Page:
Nearly a million cases of heart disease and diabetes could be prevented by the implementation of one small change on food ingredient labels.
According to a study published Monday in Circulation, a journal of the American Heart Association, a proposed change to the U.S. Food and Drug Administration’s policy for labeling the sugar content of foods could prevent an estimated 354,400 instances of cardiovascular disease and 599,300 cases of diabetes — a disease whose warning signs too many people ignore — between now and 2037. This would result in a savings of $31 billion in health care costs or $61.9 billion in overall societal costs (including lost productivity and informal care costs).
Achieving this result would be very simple: The FDA proposal merely adds one line to existing nutrition labels, under the Total Carbohydrates heading. Current labels list total sugars. The new line would call out added sugars, which might come from a variety of sources including high-fructose corn syrup, lactose, malt syrup, molasses, or honey as well as raw sugar. Sugar consumption is one of the most dangerous things experts link to the development of heart disease.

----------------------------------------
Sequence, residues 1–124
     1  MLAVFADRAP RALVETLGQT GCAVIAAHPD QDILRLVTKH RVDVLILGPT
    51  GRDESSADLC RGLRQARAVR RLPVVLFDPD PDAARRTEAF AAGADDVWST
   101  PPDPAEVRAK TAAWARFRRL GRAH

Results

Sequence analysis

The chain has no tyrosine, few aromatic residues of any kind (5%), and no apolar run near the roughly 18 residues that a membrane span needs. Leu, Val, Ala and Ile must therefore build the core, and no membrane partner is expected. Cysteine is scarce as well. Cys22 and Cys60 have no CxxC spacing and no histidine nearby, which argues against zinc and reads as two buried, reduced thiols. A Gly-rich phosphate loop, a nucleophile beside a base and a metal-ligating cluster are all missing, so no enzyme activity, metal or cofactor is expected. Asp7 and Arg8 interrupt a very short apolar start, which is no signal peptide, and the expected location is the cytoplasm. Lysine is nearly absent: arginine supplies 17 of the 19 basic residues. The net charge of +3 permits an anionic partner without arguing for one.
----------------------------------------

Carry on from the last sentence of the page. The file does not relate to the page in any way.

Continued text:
Renata Micha, one of the authors of the report, told HealthDay that adding the new information to nutrition labels might offer further health benefits by encouraging manufacturers to reduce the amount of sugar they add to their products.
The new labels would include other changes, as well: Serving sizes would be updated and both serving sizes and calories would appear in larger, bolder type; daily values would be updated; and the nutrients required to be listed would change.
The bad news? For unspecified reasons, the FDA has delayed implementation of the new labels until 2020.